[The landscape of idle screen (aka home screen) solutions has changed considerably in 2007-2009. How will it look over the next two years? Research Director Andreas Constantinou looks at the trends in the active idle screen market and tries to answer the perennial question: who will own the screen ?]
We recently published a report on the Active Idle Screen market (available
The market of idle screen (aka home screen or phonetop) solutions has grown considerably; in 2002-2006 it was kick-started by active idle screen (AIS) vendors like Abaxia, Cibenix and Celltick and tier-1 operators like Orange; in 2007-2009 it has been capitalised by Apple, HTC, Samsung, LG and increasingly Nokia, Android and Windows Mobile; In 2010-2011 we believe that the idle screen will be elevated into precious real-estate divided across the handset OEM, operator and service providers, led by Nokia.
The role of AIS vendors in an evolving market Today active idle screen (AIS) solutions are available from Abaxia, ACCESS, Celltick, Cibenix, Insprit, Nuance, and SurfKitchen. mPortal, PointUI and SPB Software have also built custom AIS solutions.
The active idle screen market can easily be dismissed as a rapidly shrinking one; idle screen customisation technology is becoming a commodity platform feature while handset OEMs are moving in to claim that same territory. But that would be rushing into conclusions.
AIS vendors act as the commercial matchmakers across the disparate camps of network operators and mobile handset manufacturers; operators will always be looking to go a step further in differentiating on the most premium real estate on the handset, i.e. beyond what is available out of the box. For example, some AIS vendors are starting to offer post-sales idle screen management that is not yet available by OEMs.
Moreover, as global operators manage regional device customisation requirements more centrally, so the need for AIS vendors will increase as the one-stop agent between the operator group and the manufacturers.
European Tier-1 operators like Orange, T-Mobile and Vodafone are developing or have already developed 100-200 people internal software development teams, but we don’t see this as denting the demand for AIS solutions much; operator know-how on successfully delivering software solutions across OEMs is still painfully scarse and their learning curve is slow.
Naturally, AIS vendors will also have to morph and adapt in response to the times. Revenue models are shifting clearly away from per-unit royalties for all pre-load software (i.e. embedded in ROM before the handset is shipped). Software vendors, including AIS vendors will have to follow suit. As such, the more successful AIS solutions will be those that monetise through per-active-user or per inventory (primarily CPA or time-based) revenue models, which are better aligned with the interests of operators and ad publishers.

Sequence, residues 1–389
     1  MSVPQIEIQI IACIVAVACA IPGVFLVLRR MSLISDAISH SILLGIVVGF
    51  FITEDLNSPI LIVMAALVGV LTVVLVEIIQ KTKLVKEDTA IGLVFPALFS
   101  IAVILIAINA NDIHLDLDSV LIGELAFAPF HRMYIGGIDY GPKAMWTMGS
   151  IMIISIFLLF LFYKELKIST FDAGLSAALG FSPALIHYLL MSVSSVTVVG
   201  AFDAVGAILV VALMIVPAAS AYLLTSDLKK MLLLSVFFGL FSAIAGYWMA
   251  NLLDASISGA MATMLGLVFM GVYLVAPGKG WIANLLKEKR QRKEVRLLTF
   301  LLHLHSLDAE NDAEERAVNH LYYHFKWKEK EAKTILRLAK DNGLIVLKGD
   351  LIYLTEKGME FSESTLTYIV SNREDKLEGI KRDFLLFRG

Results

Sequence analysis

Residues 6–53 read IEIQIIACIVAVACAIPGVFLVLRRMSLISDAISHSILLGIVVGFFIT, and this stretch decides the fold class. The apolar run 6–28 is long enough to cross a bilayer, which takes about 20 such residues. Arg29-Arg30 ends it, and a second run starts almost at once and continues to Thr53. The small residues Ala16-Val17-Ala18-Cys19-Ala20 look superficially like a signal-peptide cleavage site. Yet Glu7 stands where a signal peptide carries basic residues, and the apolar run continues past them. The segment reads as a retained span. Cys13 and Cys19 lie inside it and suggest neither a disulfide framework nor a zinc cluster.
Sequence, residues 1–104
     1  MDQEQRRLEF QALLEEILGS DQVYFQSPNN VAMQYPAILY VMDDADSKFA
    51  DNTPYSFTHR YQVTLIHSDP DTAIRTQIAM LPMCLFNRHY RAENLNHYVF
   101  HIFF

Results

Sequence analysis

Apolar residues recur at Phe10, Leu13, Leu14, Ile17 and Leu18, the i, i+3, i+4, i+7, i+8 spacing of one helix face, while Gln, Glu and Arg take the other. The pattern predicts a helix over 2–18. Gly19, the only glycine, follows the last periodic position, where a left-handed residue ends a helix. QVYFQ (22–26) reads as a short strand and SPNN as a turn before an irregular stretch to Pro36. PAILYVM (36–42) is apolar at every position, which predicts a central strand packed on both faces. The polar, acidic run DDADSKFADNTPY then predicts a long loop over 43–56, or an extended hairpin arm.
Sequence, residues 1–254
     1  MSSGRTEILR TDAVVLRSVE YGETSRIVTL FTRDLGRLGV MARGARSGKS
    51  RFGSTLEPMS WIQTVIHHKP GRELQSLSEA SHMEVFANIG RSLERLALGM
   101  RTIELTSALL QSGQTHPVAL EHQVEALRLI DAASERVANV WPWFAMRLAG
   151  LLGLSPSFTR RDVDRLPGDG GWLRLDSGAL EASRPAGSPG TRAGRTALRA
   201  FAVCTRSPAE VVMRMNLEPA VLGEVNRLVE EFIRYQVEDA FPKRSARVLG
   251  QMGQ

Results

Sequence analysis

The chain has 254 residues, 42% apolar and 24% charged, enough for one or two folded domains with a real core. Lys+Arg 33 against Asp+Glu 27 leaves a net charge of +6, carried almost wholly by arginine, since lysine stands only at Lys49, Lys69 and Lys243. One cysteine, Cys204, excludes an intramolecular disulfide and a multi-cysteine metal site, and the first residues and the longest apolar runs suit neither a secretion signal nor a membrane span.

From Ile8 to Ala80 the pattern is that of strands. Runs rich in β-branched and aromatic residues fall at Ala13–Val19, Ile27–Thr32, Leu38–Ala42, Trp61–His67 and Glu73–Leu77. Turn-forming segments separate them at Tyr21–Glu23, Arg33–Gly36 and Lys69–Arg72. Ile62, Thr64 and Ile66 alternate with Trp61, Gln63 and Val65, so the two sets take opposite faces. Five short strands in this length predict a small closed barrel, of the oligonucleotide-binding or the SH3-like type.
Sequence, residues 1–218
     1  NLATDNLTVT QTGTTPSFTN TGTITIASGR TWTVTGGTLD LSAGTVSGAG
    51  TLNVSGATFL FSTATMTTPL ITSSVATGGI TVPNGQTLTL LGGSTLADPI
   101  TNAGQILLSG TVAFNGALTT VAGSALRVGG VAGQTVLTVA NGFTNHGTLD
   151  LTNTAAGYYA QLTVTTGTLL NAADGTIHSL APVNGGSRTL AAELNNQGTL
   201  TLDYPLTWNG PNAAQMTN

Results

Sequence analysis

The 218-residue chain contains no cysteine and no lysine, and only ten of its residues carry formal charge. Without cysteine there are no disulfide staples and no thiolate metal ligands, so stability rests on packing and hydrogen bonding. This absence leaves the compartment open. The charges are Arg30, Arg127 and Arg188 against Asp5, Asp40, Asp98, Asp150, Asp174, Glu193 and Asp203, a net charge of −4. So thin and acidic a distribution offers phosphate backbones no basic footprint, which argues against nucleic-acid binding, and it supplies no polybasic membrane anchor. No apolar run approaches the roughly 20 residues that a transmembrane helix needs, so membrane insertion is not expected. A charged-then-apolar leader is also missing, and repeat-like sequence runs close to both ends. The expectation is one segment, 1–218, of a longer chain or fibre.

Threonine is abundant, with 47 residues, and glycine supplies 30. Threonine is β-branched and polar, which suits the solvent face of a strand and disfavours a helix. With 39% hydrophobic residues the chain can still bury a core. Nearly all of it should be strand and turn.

In order to extract value during the post-sales phase, AIS vendors will have to add value in service delivery, service update, user profiling or targeting; here the fundamental premise holds: you can only extract value where you add value.
Moreover, AIS vendors will have to move away from selling platform enablers to offering vertical solutions, managed and hosted on behalf of the operator. Such vertical solutions can be built around innovative applications like â€˜signature’ user interactions, intelligent search, service storefronts, phonebook 2.0, inventory analytics, and the idle screen as a â€˜feudal system’.
I ‘ll next discuss these key applications that we believe will be hitting idle screens from 2009.
Key applications: innovation on the idle screen During the last few years we have seen the idle screen function as a launchpad for device functionality, service discovery, advertising and contacts search. Such product features are now becoming commonplace amongst AIS vendor offerings. As technology is becoming less of a differentiating characteristic, we are seeing many new innovative applications surface.
Signature interaction paradigms: the increase of handset functionality and applications put unhealthy demands on the idle screen for information compression. How can you cram 100s of features on a screen 2.4 x 4.5 inches? Answer: by innovating with new user interaction paradigms. We have seen user interaction paradigms evolve from soft key, to 4-way navigation, to gesture-based navigation with the Apple iPhone and Palm Pre. Interaction paradigms are particularly important when navigating dense information and this is where we believe there is considerable demand for innovation on the idle screen.
Clever interaction paradigms involving sensors (e.g. accelerometer, compass and tilt sensors) will help in two important ways; firstly by adding multiple dimensions to the otherwise 2-dimensional idle screen; and secondly by allowing OEMs and operators to create differentiating and potentially exclusive user interaction paradigms. This will be an area of intense research in the next 5 years.
Service storefront: The icon grid is becoming the de facto user interaction paradigm for both smartphones and feature phones. Placed on the idle-screen this icon grid paradigm is ideally suited for discovering and accessing new services; a paradigm lovingly associated with widgets.